As a divine being and whatnot, Thor doesn’t need to worry about sleep. Well, except for one day a year, that is. Thor’s daddy Odin sleeps for 24 hours straight once a year to regenerate the superpowers that make him the strongest of all Norse gods. In the comics and movies, Odin’s yearly sleep is a plot device that leaves Asgard vulnerable to enemies, forcing Thor to prove his mettle by defending the kingdom without his overpowered dad. In one run of comics, Thor inherits Odin’s powers and has to take the big sleep himself.
Green Lantern and Flash
Anyone who wears a Green Lantern power ring can conjure up whatever their mind desires and go without sleep. Same goes for anyone who taps into the Speed Force to become the Flash, save for the whole mind-conjuring thing. Unfortunately, there isn't a ton to say about these guys, except that, much like folks who try their hands at intense polyphasic sleep schedules, they have a lot of time on their hands. Maybe we’ll find out more in the upcoming Justice League movie, which looks like it’ll focus quite a bit on everyone’s favorite D.C. B-listers.
Much like Thor, Wonder Woman is a god-like being, but she has a more human relationship with sleep. In the comics, she has a palatial bedroom in her hometown of Themyscira, so we can assume she spends at least some time bedding down. Her alter-ego Diana Prince also appears to have a bedroom of her own, which later becomes the site of a regrettable affair with Superman. In one plotline, she sleeps for an entire year after the magician-detective John Constantine casts a spell on her. One thing the comics never reveal, however, is whether or not Wonder Woman suffers from invisible jet lag.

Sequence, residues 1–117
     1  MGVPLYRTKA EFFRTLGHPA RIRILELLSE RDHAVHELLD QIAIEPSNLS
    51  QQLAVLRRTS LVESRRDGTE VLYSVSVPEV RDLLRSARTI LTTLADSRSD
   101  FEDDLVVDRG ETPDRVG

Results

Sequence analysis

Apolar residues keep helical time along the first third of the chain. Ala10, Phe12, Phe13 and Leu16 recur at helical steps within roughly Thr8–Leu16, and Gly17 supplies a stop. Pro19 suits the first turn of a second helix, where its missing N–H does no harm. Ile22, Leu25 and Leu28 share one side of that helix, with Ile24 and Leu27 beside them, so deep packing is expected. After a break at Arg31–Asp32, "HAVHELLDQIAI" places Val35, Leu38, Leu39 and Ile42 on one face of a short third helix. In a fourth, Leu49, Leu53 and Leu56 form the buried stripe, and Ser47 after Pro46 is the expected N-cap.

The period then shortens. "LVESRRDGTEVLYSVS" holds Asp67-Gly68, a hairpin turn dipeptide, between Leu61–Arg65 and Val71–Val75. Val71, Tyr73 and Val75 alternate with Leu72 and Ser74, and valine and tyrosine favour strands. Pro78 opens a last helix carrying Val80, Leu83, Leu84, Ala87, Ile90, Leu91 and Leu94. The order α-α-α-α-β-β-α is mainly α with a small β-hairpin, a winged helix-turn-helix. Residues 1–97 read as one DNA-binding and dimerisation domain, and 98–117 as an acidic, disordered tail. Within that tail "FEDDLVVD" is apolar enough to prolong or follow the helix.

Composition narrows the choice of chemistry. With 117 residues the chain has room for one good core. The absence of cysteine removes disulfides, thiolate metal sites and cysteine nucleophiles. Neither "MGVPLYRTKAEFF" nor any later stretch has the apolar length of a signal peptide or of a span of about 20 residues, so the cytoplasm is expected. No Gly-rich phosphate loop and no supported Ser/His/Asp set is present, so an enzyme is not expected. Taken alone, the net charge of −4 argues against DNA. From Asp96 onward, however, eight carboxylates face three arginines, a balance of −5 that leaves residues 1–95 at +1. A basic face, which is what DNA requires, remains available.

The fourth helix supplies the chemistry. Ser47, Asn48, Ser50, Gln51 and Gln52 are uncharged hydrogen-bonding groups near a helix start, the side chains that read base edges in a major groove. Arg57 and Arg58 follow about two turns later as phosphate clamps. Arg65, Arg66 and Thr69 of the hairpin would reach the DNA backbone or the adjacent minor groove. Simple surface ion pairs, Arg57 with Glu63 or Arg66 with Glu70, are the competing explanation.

Tony Stark seems to share Batman’s love of an ultra-compact sleep cycle. He uses the extra time to tinker away at his many metallic objects of affection. It seems efficient...for a while. In “Iron Man 3," Colonel Rhodes tells Tony that his friends are concerned about his rest habits. Tony tells him “Einstein slept three hours a year — look what he did!” Well, Einstein actually slept ten hours a day, but at least his retort sounds smart. And regardless, Stark is dedicated to the all-nighter lifestyle.
Robert Downey, Jr. reportedly based his character on real-life workaholic Elon Musk, who works 100 hours a week but still manages to get “almost exactly” 6 hours a night, a detail that might have slipped through the cracks of his research. Each movie features a montage of Tony staying up all night in his workshop. After Pepper Potts asks him to join her in bed, he says “You go to bed and I come down here, I do what I know, I tinker.” Dude just can’t stop tinkering. Of course, Stark’s insomnia isn’t entirely a choice; he suffers from PTSD after getting attacked by inter-dimensional aliens in “The Avengers.”
Steve Rogers is one of the most illustrious sleepers in the Marvel universe. After crashing a plane in the North Atlantic Ocean, Cap freezes in a block of ice and wakes up decades later (20 years in the comics, 70 years in the Chris Evans movies). Why didn’t he die when his body froze? Well, it just so happens that the plane he crashed was carrying a cargo of top-secret nerve gas from the evil Nazi organization HYDRA, which was designed to put anyone who inhaled it in a state of suspended animation. What a coincidence. Is suspended animation the same thing as sleep? Maybe. But when Captain America wakes up in the present, Nick Fury tells him that he’s been “asleep.” So there.